Twirling away can make one’s day | VailDaily.com
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Twirling away can make one’s day

Matt Zalaznick

In fact, a lot of grown men probably would whack themselves in the head with a baton if they tried to twirl one as they wandered through the park. And they’ll just never now how liberating such extravagant strolls can be.

Thanks to Bob Jamerson, however, folks in Edwards are finding out.

“It’s something I do on a daily basis no matter where I am,” Jamerson says. “It just takes the community some time to get used to me.”



If you live in Edwards, you’ve probably seen Jamerson this week strolling down Homestead Road or U.S. Highway 6 with his Statue of Liberty crown, an American flag sash and a baton spinning high above his head.

He’s also been seen in a majorette’s uniform.



“I do it to lift my own spirits. What I didn’t realize is that it would start affecting other people in such a constructive way,” he says.

Jamerson, a former high school drum major who lives in St. Louis, was a flight attendant until Sept 11. He was furloughed after the terrorist attacks and was feeling a little low. So he got an idea for his three-mile morning treks through his neighborhood park –and the idea caused an instant sensation.

“I took my baton on the route and watched people’s reactions,” Jamerson says. “Then, when the holiday season came around, I went out in a little red tutu, a Santa hat and reindeer ears. And then the reporters started coming around wanting to let people in the neighborhood know who I was.”



Jamerson was in Edwards last week with his partner, Bill Nussbaum, visiting Nussbaum’s sister, Betty Kerman, and her husband, Wilbur. And just like people in St. Louis, folks in Edwards were fascinated when he started going on his liberating walks down Homestead Road.

“He’s just a lovely, lovely person,” says Edwards resident Kathy Doll. “His spirit is so wide open, and he just wants to share his fun of life.”

Indeed, Jamerson’s tantalizing treks have resulted in a few calls to the Eagle County Sheriff’s Office, which has sent a deputy out to check on him.

“He seems quite happy,” says Kim Andree, spokeswoman for the Eagle County Sheriff’s office.

Police officers who’ve contacted him in the past, however, haven’t always been as accommodating, Jamerson says.

“The second day I was out, I was stopped by a county sheriff. I just want to say that he was so gracious and so nice,” Jamerson says. “I’ve been in neighborhoods where the police haven’t been so nice.”

A second Eagle County deputy stopped to chat with him a few days later, just to see how he was doing and to say he was happy to have the baton twirler galavanting around the valley, Jamerson says.

But some Edwards residents have been a little confused.

“It’s really strange,” says one curious caller, wanting to know what Jamerson was all about.

But Jamerson says he’s all about spreading happiness.

“People are feeding off the joy that I’m having,” Jamerson says. “People come out of their offices and say they can’t wait until I come by every morning. They say I make their day.”

Jamerson says he’s also got a message. He says St. Louis –and other places in America – are still grappling with racial and homosexual issues.

“Because I had the courage to slip into these get-ups, and being a black male and gay, it diffuses some of the walls and some of the false images people have,” Jamerson says.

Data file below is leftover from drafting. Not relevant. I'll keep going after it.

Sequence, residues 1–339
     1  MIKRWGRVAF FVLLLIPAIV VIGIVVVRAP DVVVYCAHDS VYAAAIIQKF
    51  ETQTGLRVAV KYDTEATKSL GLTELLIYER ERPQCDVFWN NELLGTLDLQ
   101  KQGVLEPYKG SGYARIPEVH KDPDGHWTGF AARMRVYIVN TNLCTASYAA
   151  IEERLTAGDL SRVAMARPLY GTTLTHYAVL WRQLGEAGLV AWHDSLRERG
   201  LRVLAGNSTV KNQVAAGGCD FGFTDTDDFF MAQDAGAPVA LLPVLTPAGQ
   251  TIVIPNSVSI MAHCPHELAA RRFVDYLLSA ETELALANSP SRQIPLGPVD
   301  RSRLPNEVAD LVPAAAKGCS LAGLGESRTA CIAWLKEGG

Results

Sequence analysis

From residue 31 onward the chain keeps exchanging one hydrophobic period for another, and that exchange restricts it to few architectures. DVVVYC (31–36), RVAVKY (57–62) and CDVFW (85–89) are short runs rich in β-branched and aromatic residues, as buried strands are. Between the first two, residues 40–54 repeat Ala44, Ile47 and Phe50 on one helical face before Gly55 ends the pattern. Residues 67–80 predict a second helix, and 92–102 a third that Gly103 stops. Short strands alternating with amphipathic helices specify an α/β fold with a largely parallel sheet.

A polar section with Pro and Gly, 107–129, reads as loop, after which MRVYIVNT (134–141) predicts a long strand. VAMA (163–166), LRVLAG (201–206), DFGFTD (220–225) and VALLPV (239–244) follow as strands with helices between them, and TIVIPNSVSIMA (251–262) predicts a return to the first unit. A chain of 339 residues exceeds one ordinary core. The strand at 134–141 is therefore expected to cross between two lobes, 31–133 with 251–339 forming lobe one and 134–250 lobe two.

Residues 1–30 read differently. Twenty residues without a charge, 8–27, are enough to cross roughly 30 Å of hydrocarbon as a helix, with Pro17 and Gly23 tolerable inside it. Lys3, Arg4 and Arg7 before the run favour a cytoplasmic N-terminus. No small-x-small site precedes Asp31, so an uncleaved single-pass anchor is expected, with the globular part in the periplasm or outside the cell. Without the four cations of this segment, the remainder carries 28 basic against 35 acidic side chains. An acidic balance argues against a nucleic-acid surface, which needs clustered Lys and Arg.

Jamerson is already something of a celebrity. He’s been featured in other newspapers, too, as well as on National Public Radio. He’s even had a few calls from Jay Leno, he says.

Locally, Jamerson’s already a hit at Moe’s Barbecue, at Edwards’ main intersection.

“He said he’s the symbol of freedom and independence in the valley,” says Jeff Kennedy, co-owner of the barbecue. “Traffic was stopped on the road Friday morning. He was out there shaking his butt and twirling.”

“It definitely livens it up,” Kennedy says. “And he’s a super nice guy.”

If you missed Jamerson, you’ll have to wait until his next visit. He left the valley Saturday, but says he’ll be back next year.

“I’m probably freer than anybody you know,” Jamerson says. “But there’s always a risk. When I first started doing this, my friends were nervous because there are some crazy people out there.”

But the folks in Edwards are crazy about Jamerson –the good kind of crazy.

“I feel like we have a little bit of San Francisco in Edwards. We value diversity up here,” says Liane Gulizia, a teacher at Edwards Elementary. “The Happy Campers at the school saw him and said to me, “There’s a guy twirling a baton; he’s so good.’ Then they said, “Is he from the circus?'”

Jamerson says he’s already got some costumes planned for his return visit. He’s thinking about a cowgirl rather than a circus get-up, but he says the Thrifty Shoppe in Edwards is one of the best places he’s ever been shopping for costumes.

“What has happened the last six months has just been a blessing,” Jamerson says. “I’ve been blessed with a great sense of joy, and I’ve been able to give it back to humanity.”

It’s been a blessing to Edwards too, says Jamerson’s host, Wilbur Kerman.

“It’s a joy having Bob around,” Kerman said. “And I think it speaks well of the neighborhood’s broad-mindedness that an overtly gay black man doing a pretty novel thing has been so universally accepted.”

Matt Zalaznick covers public safety, Eagle County Courts and Avon/ Beaver Creek. He can be reached at 949-0555, ext. 606, or via e-mail at mzalaznick@vaildaily.com.


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